IRIN News Agency
Obi Anyadike, IRIN News Agency
The countries most vulnerable to climate change are among the poorest and least able to respond. How to resolve that dilemma and help these places adapt to a warming world remains among the knottiest problems facing climate financing.
The good news is that identifying those most in need – step one – is now a good deal easier thanks to a global league table developed by the University of Notre Dame.
The Notre Dame Global Adaptation Index (ND-GAIN) measures a country’s vulnerability in relation to its ability to cope with climate change.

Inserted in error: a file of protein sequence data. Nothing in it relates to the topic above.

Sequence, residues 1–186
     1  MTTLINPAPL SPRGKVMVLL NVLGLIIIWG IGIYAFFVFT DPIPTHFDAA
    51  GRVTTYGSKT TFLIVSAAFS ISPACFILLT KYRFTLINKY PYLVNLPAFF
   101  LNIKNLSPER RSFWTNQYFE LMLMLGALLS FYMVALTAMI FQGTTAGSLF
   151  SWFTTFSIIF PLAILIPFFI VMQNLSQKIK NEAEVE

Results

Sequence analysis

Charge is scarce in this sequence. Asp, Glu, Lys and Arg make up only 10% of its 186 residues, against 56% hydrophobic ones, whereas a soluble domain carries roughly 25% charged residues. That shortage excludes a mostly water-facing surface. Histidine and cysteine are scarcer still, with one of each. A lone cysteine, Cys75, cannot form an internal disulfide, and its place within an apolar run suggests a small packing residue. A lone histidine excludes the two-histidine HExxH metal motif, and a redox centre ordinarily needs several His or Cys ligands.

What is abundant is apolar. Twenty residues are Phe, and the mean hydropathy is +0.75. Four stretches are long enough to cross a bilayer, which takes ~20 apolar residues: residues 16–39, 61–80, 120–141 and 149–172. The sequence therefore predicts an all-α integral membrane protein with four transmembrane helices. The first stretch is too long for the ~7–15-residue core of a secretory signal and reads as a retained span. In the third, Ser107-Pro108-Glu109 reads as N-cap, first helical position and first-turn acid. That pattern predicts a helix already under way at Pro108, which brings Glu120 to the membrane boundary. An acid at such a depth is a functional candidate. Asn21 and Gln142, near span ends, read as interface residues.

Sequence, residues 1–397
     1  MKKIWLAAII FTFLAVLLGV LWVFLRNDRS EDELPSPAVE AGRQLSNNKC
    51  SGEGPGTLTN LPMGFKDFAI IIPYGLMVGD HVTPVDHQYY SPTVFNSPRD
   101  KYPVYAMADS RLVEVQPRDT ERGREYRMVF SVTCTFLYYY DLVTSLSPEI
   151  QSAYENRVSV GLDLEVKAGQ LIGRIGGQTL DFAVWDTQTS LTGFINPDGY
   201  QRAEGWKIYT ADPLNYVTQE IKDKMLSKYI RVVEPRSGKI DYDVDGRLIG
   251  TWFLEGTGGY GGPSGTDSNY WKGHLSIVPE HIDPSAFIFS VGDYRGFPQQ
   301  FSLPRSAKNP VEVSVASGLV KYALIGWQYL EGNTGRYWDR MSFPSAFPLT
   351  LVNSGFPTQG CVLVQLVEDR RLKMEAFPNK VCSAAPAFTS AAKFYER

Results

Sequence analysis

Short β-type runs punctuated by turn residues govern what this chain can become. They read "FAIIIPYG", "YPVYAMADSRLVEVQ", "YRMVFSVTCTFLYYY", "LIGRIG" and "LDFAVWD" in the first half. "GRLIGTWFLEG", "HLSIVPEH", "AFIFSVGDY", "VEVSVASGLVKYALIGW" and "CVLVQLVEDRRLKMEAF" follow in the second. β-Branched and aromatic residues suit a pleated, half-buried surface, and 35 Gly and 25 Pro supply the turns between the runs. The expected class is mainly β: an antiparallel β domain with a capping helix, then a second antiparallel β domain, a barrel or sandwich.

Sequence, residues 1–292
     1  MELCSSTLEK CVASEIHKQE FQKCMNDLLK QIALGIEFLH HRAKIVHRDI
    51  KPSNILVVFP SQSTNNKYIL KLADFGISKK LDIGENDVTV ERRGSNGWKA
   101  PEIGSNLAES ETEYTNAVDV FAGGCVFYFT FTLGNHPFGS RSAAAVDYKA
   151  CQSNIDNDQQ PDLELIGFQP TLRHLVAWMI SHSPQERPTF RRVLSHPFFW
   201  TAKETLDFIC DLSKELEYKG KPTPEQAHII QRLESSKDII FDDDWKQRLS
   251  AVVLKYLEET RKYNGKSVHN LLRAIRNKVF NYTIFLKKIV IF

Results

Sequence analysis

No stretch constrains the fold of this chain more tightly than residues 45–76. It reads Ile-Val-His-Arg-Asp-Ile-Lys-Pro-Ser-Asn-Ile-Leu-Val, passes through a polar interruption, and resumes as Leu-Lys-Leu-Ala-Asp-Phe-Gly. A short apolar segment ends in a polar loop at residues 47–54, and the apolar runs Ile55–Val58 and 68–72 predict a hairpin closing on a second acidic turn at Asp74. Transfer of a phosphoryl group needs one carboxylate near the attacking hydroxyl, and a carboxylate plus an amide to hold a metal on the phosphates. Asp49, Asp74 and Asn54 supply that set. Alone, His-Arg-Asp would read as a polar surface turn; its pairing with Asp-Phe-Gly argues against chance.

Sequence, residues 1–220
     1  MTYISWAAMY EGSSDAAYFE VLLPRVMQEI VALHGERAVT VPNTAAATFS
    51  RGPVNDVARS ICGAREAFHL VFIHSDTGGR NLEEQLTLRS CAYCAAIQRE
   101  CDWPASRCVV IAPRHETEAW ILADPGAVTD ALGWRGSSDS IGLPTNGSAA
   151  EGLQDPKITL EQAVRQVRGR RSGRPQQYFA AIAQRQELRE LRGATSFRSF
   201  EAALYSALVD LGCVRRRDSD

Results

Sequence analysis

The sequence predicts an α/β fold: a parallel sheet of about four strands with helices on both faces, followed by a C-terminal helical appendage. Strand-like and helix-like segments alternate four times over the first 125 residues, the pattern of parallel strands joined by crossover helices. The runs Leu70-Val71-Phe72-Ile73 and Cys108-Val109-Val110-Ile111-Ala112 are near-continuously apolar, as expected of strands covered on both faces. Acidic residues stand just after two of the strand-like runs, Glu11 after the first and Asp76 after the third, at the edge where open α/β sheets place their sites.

It calculates exposure to climate stress (for example a reliance on agriculture); sensitivity to the impact of climate shocks; and adaptive capacity. It then scores a country’s readiness – defining that in terms of a willingness to leverage its economic, governance and social resources to reduce climate risk.
According to the index, the world’s five worst performers are Eritrea, Chad, Central African Republic, Sudan and the Democratic Republic of the Congo. By comparison, the overachievers – and you’d guess at least a couple of them – are New Zealand, Norway, Denmark, Britain and Germany, in that order.